the first black
General in U.S. Army history
Benjamin Oliver Davis was born
in Washington, D.C., on July 1, 1877. He enrolled
at Howard University in 1897, but left the
following year to serve in the Spanish-American War as First Lieutenant of Volunteers.
Discharged from the Volunteers in 1899, he then
enlisted as a Private in the 9th Cavalry Regiment
(one of the original Buffalo Soldier
regiments) of the Regular Army. During his
service in the Philippines,
he rose rapidly through the ranks to a commission
as a Second Lieutenant in 1901.
Promoted to First Lieutenant in
1905, Davis was detailed to Wilberforce
University as Professor of Military Tactics,
where he remained for four years. Following a
brief tour of duty at Fort Ethan Allen, Vermont,
he was detailed as military attaché to Monrovia,
Liberia, serving from 1909 to 1912. After three
years on garrison duty and border patrol duty in
the West, he returned to Wilberforce, with the
rank of Captain. In 1917, Davis was temporarily
promoted to Major and assigned to the Philippines
as Supply Officer of the 9th Cavalry, where he
served until 1920. During this tour he advanced
to the rank of Lieutenant Colonel. This tour was
followed by assignment as Professor of Military
Tactics at Tuskegee Institute, where he remained until 1924, when he
became Instructor of the 372nd Infantry of the
Ohio National Guard, at Cleveland, Ohio. He
returned to Wilberforce in 1929.
Promoted to Colonel in 1930,
Davis was detailed on special duty with the U.S.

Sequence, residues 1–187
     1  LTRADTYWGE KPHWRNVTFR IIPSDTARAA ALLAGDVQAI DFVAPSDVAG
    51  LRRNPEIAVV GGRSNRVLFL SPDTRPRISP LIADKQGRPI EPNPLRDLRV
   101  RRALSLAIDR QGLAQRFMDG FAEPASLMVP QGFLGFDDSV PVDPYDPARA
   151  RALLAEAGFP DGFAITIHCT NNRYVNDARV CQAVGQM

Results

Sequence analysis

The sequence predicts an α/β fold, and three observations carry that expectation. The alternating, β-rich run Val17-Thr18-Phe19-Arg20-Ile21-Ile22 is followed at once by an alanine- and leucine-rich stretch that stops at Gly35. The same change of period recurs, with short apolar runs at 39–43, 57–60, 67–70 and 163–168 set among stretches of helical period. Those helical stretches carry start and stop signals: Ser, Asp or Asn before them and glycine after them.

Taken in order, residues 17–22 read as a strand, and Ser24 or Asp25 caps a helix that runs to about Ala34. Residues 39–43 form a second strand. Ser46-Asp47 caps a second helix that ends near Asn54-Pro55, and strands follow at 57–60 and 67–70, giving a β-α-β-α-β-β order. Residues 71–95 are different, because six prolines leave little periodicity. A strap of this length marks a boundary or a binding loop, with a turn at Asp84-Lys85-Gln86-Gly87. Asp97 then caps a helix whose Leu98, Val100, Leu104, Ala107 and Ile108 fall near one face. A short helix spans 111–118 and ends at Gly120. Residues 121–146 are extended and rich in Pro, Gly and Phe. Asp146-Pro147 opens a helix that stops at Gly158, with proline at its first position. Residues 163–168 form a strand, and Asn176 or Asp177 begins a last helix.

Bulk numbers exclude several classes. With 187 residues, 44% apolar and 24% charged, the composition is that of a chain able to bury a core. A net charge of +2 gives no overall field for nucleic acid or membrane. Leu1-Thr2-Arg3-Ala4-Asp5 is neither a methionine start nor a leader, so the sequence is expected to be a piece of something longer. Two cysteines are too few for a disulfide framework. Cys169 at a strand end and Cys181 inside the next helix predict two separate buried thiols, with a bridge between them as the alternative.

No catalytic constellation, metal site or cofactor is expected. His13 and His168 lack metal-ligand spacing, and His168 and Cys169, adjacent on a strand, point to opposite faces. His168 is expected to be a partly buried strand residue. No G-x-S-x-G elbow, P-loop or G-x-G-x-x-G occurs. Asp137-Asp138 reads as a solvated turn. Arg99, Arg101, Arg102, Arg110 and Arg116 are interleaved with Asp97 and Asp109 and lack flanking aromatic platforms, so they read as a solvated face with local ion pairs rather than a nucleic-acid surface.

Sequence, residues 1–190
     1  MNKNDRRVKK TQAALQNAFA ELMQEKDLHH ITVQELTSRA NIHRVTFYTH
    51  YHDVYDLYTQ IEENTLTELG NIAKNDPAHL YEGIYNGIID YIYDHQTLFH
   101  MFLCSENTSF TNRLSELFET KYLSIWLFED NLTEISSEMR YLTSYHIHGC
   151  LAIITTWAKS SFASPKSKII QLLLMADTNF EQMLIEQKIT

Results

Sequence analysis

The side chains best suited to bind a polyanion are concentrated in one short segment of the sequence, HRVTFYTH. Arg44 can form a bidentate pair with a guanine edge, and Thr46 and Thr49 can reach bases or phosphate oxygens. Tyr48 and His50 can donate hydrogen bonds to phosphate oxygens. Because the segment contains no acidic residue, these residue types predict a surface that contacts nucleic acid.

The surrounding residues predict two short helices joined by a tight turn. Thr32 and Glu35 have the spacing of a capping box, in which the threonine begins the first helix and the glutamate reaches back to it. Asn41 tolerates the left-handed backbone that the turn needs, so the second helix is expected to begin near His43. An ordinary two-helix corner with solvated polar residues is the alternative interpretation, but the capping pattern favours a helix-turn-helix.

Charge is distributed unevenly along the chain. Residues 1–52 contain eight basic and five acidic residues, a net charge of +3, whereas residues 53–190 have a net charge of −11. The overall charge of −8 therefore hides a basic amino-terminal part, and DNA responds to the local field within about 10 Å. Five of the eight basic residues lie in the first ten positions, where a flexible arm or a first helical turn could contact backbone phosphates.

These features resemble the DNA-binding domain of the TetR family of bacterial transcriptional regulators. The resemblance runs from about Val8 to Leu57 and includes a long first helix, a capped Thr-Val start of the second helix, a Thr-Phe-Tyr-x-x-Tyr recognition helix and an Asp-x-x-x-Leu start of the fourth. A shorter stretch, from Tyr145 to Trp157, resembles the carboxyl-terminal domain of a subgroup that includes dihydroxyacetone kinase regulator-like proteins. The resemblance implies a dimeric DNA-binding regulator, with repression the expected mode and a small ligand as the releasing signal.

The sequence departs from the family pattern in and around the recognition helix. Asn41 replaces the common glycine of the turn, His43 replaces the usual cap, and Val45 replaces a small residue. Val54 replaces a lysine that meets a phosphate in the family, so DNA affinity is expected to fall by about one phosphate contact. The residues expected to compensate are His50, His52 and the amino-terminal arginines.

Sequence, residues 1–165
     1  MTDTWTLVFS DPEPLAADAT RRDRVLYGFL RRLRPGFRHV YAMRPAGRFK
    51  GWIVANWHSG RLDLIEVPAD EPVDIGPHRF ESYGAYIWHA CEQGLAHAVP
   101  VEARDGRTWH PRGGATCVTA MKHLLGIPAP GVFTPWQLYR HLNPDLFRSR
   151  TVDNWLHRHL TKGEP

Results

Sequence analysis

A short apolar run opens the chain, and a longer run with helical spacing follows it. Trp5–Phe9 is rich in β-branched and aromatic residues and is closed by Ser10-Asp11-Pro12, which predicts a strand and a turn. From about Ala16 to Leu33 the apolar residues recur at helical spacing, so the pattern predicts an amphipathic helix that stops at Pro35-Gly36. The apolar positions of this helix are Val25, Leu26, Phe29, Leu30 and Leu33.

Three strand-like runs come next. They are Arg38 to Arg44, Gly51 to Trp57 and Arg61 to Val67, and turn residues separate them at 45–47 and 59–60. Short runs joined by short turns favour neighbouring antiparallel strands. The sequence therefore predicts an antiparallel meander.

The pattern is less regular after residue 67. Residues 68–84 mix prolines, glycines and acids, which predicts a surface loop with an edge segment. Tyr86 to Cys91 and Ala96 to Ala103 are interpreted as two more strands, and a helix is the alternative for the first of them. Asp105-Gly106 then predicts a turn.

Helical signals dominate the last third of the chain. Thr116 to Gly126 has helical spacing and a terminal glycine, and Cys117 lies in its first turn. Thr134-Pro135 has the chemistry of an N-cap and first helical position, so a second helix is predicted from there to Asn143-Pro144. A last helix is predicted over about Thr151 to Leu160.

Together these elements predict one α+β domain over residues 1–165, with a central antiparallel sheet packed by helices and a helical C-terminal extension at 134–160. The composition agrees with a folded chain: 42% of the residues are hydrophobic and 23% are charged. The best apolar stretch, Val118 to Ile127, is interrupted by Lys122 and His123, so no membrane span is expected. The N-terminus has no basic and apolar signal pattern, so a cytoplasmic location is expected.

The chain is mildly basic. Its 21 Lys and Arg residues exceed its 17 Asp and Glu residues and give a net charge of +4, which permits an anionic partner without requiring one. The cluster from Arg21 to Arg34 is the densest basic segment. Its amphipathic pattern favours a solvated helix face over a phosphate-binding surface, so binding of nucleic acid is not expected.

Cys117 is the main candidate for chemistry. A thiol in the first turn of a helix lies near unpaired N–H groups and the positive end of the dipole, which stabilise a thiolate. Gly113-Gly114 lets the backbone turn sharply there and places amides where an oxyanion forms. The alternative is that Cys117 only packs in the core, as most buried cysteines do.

Department of State in connection with affairs
relating to the Republic of Liberia.
Davis spent the next several
years alternating between teaching at Tuskegee
and Wilberforce. During the summers of 1930 and
1933, he was placed on detached service for duty
with the Pilgrimage of War Mothers and Widows.
His work on this assignment earned him letters of
commendation from the Secretary of War and from
the Quartermaster General.
In 1938, he was given his first
independent command, that of the 369th New York
National Guard Infantry Regiment. On October 25,
1940, he became the first black soldier to hold
the rank of General in the Army (officially, he
held the temporary rank of Brigadier General). He
was then assigned to command of the 2nd Cavalry
Brigade at Fort Riley, Kansas. In 1941, he took
command of the 4th Cavalry Brigade at Camp
Davis retired on July 31, 1941,
but was recalled to active duty with the
permanent rank of Brigadier General the next day
and assigned to the Office of the Inspector
General of the Army. In 1942 he was assigned to
the European Theater of Operations as advisor on
race relations in the Army. Upon completion of
this assignment he resumed his duties in the
Inspector General's office. In 1944 he became
Special Assistant to the Commanding General of
the Communications Zone in the European Theater
of Operations, stationed in Paris, France. In
1946, following a brief period of detached
service for the purposes of rest and relaxation,
he again became Special Assistant to the
Inspector General. He retired again from the Army
on July 14, 1948, after fifty years of service.
Benjamin O. Davis died in
Chicago, Illinois, on November 26, 1970. He is
buried at Arlington National Cemetery.
Honors received by Davis during
his career include the Bronze Star, the
Distinguished Service Medal, the French Croix de
Guerre, and the Liberian Star of Africa.
Davis' son, Benjamin Oliver
Davis, Jr., also became a General in the U.S.
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